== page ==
For a country that has traditionally relied on cycling as a mode of transportation, the sport of cycling is in the beginnings of a boom. It is currently at the stage where Taiwan was five years ago – now cycling as a sport has caught on like wild-fire with 1000s of competitors turning out across all the categories. It is evident that there is a steady growth in cycling as a sport with Chinese increasingly coming out to take part in competitions throughout China. With more experience and exposure to higher quality racing, the Chinese will be a force to be reckoned with in a few more years. Currently, China has one rider, Li Fuyu, in the Pro-Tour peloton and this will change as the Chinese become more serious with the sport of cycling and devote more funding towards the development of young riders. You can already see some raw talent emerging at some of the bigger domestic races, but the racing still has a lot of areas needing improvement.
Having spent some time racing at the Pro 1,2 level in the U.S and A -grade racing in New Zealand, most of the Chinese races would resemble the level of category 3 or a very good category 4 field. There are a smattering of riders that would hold their own at the Pro 1,2 level and high category 3.
Some of my observations:
There is a reluctance to take charge at the front of the peloton and roll through smoothly in a pace-line. Usually, there is no pace-line to speak of.
Riders cornering are worried about what is behind them, rather than focusing on the front and maintaining a good speed and line. This leads to sketchy riding and it is when crashes are more likely to happen.
There seems to be a mentality of chasing and then sitting up when the break or front rider is caught, causing periods of slow riding to follow before the next inevitable attack would be launched. The pattern is then repeated. It happens all over the world in races, but in China it happens all the time. This is what you call “negative” racing. Even when a break gets away, it is hard to get riders fully co-operating with each other for the success of the break. It might be in part due to the concept of “face” in China, Chinese riders may be afraid to work too hard in the event of getting dropped, losing in the final sprint or simply because they believe that the break will not succeed – and if they commit too much now, when the peloton makes the catch they will not have the legs to keep up – thus losing face in the eyes of the fellow competitors and spectators.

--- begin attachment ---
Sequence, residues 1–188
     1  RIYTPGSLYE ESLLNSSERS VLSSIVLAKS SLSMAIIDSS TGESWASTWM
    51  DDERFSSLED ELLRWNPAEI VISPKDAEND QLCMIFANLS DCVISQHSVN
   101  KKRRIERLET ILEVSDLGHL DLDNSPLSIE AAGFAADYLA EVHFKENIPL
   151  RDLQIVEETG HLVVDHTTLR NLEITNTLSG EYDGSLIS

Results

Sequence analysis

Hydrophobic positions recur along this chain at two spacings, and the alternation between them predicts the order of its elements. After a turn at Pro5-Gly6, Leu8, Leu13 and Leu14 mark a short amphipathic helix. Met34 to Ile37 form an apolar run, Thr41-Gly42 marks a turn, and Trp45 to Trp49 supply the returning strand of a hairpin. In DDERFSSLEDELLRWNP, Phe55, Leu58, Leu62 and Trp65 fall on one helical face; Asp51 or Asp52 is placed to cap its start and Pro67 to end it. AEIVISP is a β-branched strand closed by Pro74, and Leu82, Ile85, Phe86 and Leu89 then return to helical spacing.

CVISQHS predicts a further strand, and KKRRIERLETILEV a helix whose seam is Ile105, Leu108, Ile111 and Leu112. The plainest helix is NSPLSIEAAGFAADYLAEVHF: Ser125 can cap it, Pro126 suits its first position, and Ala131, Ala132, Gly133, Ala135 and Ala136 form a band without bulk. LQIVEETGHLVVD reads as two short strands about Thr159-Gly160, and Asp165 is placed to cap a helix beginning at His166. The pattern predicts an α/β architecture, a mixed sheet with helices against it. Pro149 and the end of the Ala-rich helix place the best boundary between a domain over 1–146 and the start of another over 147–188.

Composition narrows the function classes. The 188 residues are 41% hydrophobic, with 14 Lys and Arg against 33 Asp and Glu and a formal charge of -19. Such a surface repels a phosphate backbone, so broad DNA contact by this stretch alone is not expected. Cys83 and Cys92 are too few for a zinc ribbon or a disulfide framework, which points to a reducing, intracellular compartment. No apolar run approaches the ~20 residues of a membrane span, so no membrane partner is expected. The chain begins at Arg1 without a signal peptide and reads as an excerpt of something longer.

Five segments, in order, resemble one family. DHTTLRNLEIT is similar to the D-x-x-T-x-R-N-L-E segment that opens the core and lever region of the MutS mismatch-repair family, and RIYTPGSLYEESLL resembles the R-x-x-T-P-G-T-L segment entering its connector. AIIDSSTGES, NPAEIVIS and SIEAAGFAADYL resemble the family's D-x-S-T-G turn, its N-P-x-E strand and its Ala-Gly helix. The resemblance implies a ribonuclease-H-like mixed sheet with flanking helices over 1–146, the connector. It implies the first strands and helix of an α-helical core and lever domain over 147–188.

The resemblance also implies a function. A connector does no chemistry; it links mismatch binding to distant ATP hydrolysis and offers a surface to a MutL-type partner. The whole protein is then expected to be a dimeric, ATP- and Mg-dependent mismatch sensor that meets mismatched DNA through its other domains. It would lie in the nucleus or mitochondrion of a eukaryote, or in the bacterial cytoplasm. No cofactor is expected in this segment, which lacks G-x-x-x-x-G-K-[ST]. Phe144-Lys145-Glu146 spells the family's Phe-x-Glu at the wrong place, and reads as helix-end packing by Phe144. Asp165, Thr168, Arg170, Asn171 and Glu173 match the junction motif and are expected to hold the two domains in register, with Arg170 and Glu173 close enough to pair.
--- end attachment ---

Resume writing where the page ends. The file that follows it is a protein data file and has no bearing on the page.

Teams do not take control of the front by riding in an ordered and smooth fashion. One of the observations I recently made, was that a large teams whose team-mate came back from the break up the road, created a series of failed attacks in the hopes of rejoining the break. Rather than amassing on the front they just tried to launch their riders one at a time up the road in the hope that one could ride back to the break on their own. If the break was close enough, this might work. However, in this instance, what was needed was team-work – riders working in a smooth frequent rotating pace line. This did not happen, so for most of the race the speeds were fluctuating wildly, slowing down when the front rider had run out of steam and then giving someone an opportunity to attack. This just starts another flurry of movement and the peloton zips along at a high speed, thanks to the riders attacking. No attacks = slow pace. The surging nature of racing here can also open the door to crashing. Generally speaking, the higher the pace of racing the more strung out and safer it is.
If you have any of your own personal experiences from racing here in China or in other Asian countries, please leave comments to this article. I would welcome perspectives from both sides.
Stay tuned for more postings on the status of cycling in China as a sport.